Yuki makes it to class, but is too late to erase the board. She does follow her other duties, however, and leads the opening ceremony … then falls asleep. Mii-Kun interrupts class, but looks a little confused, like she didn’t even notice that class was going on. She apologises and back out, and Yuki pulls a sicky so she can see what Mii-Kun wanted. It turns out that Taroumaru has gone missing. After Mii-Kun starts interrupting other classes, Yuki points out that Taroumaru doesn’t like Mii-Kun, and they theorise that it’s because she isn’t as lazy as Yuki. They hear the doggy barking and go running, but when they find him, Yuki scares him off. Finally, they reach a barricade made of desks, and Taroumaru runs into the home economics class, wreaking havoc on the desks. Ignoring the barricade, Mii-Kun tries to retrieve the runaway pup, but he escapes again and scarpers up some stares, stopping at a door. Kurumi opens the door and lets him out onto the roof, then brandishes her new shovel. She offers to help subdue Taroumaru, promising not to sue the shard edge, and Yuki agrees! There’s a brief tease for the pup running to Mii-Kun, be shuns her at the last moment, only to finally be stopped by another doom-stare from Rii-San. Rii-San reminds them of the School Living Club Charter, and Yuki decides she needs to be more responsible … but Taroumaru has escaped again. She and Mii-Kun run after him, and Kurumi remains on the roof to stare darkly at the other pupils walking around the sports field below.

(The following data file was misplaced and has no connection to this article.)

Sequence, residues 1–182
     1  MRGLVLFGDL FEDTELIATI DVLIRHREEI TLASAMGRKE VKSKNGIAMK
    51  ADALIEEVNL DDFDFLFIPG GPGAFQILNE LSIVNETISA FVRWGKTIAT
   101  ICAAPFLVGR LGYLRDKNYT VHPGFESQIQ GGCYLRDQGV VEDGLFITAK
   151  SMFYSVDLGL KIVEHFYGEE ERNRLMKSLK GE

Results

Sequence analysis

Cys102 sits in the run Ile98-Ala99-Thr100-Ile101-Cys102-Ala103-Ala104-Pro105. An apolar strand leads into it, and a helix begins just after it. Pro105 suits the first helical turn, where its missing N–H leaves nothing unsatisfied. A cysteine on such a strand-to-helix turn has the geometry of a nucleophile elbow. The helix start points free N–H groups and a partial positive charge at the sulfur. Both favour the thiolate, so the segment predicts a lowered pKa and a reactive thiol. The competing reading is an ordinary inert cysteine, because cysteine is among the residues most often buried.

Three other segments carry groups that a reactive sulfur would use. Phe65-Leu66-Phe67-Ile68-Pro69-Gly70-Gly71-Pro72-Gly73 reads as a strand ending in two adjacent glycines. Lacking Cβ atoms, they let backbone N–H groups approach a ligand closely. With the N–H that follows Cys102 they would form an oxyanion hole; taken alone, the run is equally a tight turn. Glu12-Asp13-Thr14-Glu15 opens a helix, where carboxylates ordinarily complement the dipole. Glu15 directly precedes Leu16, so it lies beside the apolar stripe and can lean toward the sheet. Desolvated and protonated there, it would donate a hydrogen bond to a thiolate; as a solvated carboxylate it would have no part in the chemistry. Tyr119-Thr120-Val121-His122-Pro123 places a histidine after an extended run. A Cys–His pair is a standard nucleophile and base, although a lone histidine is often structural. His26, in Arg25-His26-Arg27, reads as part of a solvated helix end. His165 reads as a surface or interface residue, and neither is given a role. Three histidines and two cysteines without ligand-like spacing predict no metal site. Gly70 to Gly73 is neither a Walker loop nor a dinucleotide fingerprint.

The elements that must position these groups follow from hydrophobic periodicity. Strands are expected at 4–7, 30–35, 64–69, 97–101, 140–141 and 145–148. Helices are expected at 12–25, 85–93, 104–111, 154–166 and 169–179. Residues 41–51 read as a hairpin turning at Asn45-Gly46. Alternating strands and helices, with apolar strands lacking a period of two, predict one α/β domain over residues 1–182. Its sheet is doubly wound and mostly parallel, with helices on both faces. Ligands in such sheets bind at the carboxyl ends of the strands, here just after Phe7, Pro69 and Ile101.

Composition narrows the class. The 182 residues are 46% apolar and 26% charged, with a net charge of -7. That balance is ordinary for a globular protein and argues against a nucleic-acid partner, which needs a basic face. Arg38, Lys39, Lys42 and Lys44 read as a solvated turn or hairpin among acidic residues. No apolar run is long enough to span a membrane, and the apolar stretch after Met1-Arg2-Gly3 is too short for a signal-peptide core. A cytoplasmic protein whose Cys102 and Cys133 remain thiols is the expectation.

sl3The chase continues and the physics lab goes crash, the music room goes crash, and broadcasting goes crash. Finally, we return to the club room and Taroumaru is now on a leash. The girls are eating hardtack and Yuki makes a throwaway comment about it tasting like survival, which Kurumi agrees with. As it happens, Yuki was supposed to take Taroumaru for a walk yesterday, which is probably why he ran off. Speaking of running off, Yuki left her backpack in class, and dashes to retrieve it. The others start to discuss how they think her permanent good mood is nice, but Yuki comes back to tell them that she loves them all, then leaves again. Mii-Kun runs after her to watch out for her, and Kurumi and Rii-San share a knowing smile. Back at class, Yuki explains the adventures of the day to her friends. Initially, they think Taroumaru is a boy, so when Yuki says he tried to pull her skirt off, they’re shocked. She finally reveals that he’s a dog and all is well though. Mii-Kun turns up and looks upset about Yuki telling them all how cute Taroumaru is … and the room is suddenly in ruins. Windows are smashed, desks are over-turned, and only Yuki remains, though she keeps talking like the others are still there. Something has clearly happened, and the school looking all pristine is a delusion. The traumatic events have either driven Yuki mad, or this is an extreme coping mechanism. Either way, Mii-Kun doesn’t tell her. Meanwhile, outside, zombies are wandering around everywhere, and trying to get through the desk barrier. The ending theme is pretty chilled.